[via Daring Fireball]
Apple has sent out media invitations to its March 21 event. Instead of the larger venues in which Apple typically holds its media events, this event will be held in Cupertino at Apple’s 1 Infinite Loop campus, at the usual 10 a.m. Pacific (1 p.m. Eastern) start time. Apple is expected to debut the new four-inch iPhone SE, and a new 9.7-inch iPad which will likely include many of the same features — and the name — of the larger iPad Pro released last fall. New Apple Watch bands are also expected to be shown, and Apple will also likely announce a formal release for iOS 9.3, tvOS 9.2, and watchOS 2.2, all of which are currently in beta. Apple has also already setup a page where it will livestream the event, complete with a link to add the event to the Calendar app.
Apple’s Senior VP of Software Engineering, Craig Federighi, has officially debunked the longstanding myth that users should quit background iOS apps in order to improve performance or save battery life, 9to5Mac reports. A 9to5Mac reader emailed Apple CEO Tim Cook asking the company for an official stance on whether this was necessary. The message was passed on to Federighi who responded with an uncategorical “no.”
While Apple’s own support documents and various iOS presentations over the years have pretty clearly implied that force-quitting apps should not be necessary except in cases where apps become unresponsive, there has been a persistent myth for years that force-quitting apps somehow improves the performance or battery life on iOS devices, perhaps due to the way that multitasking works on traditional Windows and OS X-based computers, not to mention Android devices. Further, even Apple’s own stance has not been entirely consistent at the lower levels, with iLounge’s own editors and readers encountering Genius Bar staff in Apple Stores who have recommended closing apps to “improve performance.” However, since the multitasking frameworks in iOS exercise an almost draconian control over background processes, most apps are actually suspended when in the background, using no CPU or battery power at all. While there are exceptions to this rule, these are usually obvious, such as navigation apps that use the actual GPS hardware (as opposed to mere “geo-fencing” apps that trigger location-based alerts), Voice-over-IP apps, and apps that play or record audio in the background. In many cases the user should be well aware that these apps are running, and are likely actively using them in some way.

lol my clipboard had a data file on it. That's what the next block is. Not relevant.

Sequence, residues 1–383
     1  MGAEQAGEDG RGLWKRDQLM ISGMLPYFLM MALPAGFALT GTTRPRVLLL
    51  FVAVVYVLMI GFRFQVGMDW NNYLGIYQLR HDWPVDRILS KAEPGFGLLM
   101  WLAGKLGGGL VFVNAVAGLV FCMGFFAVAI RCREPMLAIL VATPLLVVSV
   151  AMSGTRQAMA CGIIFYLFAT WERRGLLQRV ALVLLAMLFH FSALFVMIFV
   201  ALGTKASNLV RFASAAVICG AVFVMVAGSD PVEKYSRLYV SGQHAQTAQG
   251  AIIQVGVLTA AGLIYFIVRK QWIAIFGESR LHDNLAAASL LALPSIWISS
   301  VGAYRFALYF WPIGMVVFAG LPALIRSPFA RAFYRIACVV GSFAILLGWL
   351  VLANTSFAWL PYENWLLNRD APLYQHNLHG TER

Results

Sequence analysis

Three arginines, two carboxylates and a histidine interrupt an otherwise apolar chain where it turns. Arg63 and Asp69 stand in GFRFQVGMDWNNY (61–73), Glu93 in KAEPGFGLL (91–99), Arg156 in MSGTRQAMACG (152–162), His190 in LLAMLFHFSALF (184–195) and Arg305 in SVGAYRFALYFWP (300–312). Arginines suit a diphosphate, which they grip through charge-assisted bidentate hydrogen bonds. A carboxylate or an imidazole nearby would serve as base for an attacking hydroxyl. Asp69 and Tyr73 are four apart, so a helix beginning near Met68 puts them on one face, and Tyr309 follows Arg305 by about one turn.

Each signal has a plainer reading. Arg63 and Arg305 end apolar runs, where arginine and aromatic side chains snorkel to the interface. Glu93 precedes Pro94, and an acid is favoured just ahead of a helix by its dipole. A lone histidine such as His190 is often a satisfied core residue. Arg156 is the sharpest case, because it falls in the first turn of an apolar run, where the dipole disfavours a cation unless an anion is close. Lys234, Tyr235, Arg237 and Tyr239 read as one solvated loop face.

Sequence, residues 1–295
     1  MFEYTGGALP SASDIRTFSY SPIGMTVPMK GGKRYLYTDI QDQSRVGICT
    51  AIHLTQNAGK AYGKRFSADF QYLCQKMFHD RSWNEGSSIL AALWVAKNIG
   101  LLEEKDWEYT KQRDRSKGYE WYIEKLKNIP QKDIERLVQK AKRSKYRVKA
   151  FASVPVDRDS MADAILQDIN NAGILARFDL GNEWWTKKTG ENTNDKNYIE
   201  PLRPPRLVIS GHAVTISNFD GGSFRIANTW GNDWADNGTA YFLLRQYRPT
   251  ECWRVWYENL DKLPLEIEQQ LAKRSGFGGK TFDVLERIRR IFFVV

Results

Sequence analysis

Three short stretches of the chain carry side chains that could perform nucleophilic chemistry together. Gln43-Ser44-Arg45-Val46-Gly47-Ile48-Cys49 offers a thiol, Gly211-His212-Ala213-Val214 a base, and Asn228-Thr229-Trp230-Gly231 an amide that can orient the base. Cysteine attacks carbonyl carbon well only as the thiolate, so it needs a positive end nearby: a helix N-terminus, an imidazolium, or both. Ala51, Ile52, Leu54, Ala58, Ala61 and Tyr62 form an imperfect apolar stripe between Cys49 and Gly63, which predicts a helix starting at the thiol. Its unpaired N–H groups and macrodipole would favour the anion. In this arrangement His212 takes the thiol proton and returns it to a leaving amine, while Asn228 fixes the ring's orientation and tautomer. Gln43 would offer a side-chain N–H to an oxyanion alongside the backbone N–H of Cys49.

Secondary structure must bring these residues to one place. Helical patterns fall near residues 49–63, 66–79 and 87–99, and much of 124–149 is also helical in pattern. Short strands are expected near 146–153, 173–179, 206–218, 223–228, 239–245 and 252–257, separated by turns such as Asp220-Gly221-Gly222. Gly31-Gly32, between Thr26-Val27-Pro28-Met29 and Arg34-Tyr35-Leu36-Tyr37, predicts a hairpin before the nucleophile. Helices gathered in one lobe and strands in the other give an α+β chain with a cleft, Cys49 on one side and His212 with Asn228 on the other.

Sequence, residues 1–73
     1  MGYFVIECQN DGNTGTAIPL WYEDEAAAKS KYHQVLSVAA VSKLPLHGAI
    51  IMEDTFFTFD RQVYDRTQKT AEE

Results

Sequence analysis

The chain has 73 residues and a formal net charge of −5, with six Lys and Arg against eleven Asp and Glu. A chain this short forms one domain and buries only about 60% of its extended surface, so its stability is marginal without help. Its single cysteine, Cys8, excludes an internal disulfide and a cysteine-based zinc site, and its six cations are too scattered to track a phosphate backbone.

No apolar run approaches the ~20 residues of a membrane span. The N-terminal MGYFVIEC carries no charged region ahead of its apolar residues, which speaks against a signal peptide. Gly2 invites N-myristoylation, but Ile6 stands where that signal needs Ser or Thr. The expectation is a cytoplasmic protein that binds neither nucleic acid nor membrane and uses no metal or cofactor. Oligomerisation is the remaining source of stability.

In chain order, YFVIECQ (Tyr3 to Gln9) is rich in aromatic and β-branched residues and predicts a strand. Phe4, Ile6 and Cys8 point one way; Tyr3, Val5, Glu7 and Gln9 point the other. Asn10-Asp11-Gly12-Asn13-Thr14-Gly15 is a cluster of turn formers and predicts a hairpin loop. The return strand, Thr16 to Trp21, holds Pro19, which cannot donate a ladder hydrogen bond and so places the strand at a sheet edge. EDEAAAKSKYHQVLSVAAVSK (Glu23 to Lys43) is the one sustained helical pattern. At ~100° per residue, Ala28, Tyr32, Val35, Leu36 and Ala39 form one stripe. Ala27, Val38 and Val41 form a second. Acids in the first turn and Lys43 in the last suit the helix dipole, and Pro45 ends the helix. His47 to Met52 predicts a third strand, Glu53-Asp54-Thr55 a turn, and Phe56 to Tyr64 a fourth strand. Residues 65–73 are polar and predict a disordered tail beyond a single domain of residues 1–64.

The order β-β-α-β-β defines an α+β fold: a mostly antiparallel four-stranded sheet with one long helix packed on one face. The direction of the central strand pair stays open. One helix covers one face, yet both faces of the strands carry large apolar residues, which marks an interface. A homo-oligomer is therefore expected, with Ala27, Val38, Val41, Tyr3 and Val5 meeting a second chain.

The U.S. Department of Justice is appealing last week’s court ruling that prevented the government from forcing Apple to unlock an iPhone, Reuters reports. The DOJ has submitted its arguments to a higher court after a magistrate judge in Brooklyn ruled the All Writs Act can’t justify asking Apple to help the government access an encrypted device. The new filing cites the ruling of a judge in California who found the All Writs Act an acceptable rationale for compelling Apple’s cooperation, pitting two lower courts against one another. While the cases are slightly different, the government’s use of the AWA to justify its position is the same, and Apple CEO Tim Cook said he is willing to take the California case all the way to the Supreme Court. The DOJ has at least a dozen more iPhones it wants cracked in a similar fashion, and FBI Director James Comey has publicly admitted that success in applying the AWA in any of these cases would be used as a precedent to justify similar legal requests moving forward.
Tim Cook was one of several technology CEOs who attended last weekend’s American Enterprise Institute World Forum, an annual gathering of top Republicans and influential business leaders that this year primarily focused on how to deal with Donald Trump, The Huffington Post reports. The secret meeting was closed to the press, but sources familiar with the discussions said leaders from Apple, Google, Tesla and other tech giants sat alongside Senate Majority Leader Mitch McConnell, House Speaker Paul Ryan and other prominent Republicans as political guru Karl Rove presented focus group findings about Trump exposing the business mogul’s weaknesses.